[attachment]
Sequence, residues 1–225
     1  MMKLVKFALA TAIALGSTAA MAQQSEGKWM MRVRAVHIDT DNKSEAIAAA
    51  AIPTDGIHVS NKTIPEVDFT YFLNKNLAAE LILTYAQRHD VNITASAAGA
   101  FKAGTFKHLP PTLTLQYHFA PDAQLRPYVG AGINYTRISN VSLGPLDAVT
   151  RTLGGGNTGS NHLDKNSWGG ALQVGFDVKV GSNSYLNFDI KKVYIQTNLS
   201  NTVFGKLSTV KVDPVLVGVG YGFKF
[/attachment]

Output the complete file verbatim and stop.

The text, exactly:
Sequence, residues 1–225
     1  MMKLVKFALA TAIALGSTAA MAQQSEGKWM MRVRAVHIDT DNKSEAIAAA
    51  AIPTDGIHVS NKTIPEVDFT YFLNKNLAAE LILTYAQRHD VNITASAAGA
   101  FKAGTFKHLP PTLTLQYHFA PDAQLRPYVG AGINYTRISN VSLGPLDAVT
   151  RTLGGGNTGS NHLDKNSWGG ALQVGFDVKV GSNSYLNFDI KKVYIQTNLS
   201  NTVFGKLSTV KVDPVLVGVG YGFKF